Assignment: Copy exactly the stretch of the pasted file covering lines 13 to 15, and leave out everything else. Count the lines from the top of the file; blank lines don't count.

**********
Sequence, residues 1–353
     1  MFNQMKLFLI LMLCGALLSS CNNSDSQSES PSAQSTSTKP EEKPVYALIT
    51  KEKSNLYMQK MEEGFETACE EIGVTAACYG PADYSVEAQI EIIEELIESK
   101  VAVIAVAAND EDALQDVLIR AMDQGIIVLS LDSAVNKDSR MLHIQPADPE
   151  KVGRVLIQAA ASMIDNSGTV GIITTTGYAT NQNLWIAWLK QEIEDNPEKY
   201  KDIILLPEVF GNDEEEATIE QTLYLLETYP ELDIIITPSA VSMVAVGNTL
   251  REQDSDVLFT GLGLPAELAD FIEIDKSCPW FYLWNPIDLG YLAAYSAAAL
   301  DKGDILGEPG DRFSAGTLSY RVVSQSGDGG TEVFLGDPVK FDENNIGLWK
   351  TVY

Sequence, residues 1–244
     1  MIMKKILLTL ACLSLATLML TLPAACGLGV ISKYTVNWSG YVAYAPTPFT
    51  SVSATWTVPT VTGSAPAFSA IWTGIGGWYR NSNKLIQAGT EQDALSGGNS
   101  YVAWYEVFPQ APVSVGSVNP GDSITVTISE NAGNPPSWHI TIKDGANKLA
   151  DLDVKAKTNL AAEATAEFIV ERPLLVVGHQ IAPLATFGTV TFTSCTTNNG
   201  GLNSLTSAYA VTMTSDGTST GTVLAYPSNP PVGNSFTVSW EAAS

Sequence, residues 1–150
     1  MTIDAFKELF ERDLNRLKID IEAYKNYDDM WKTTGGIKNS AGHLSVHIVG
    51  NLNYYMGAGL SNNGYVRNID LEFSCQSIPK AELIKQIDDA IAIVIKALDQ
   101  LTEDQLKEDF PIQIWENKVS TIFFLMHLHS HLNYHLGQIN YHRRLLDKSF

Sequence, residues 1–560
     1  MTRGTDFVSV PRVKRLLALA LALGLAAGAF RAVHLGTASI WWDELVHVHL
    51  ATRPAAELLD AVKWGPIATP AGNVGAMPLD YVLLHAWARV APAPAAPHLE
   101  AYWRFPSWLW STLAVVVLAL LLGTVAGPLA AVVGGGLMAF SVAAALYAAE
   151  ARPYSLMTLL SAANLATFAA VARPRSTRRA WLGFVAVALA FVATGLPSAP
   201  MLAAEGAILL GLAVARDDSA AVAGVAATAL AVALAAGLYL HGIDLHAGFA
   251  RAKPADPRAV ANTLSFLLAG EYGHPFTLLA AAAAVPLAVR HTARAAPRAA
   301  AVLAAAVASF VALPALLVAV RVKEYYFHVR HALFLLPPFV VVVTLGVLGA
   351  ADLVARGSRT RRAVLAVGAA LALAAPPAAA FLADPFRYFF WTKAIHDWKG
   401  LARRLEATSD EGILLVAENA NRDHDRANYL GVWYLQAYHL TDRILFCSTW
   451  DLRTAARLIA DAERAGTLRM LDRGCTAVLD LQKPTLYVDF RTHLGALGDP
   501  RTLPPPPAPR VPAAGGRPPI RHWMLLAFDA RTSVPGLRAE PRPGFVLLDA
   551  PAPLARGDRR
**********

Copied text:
   101  YVAWYEVFPQ APVSVGSVNP GDSITVTISE NAGNPPSWHI TIKDGANKLA
   151  DLDVKAKTNL AAEATAEFIV ERPLLVVGHQ IAPLATFGTV TFTSCTTNNG
   201  GLNSLTSAYA VTMTSDGTST GTVLAYPSNP PVGNSFTVSW EAAS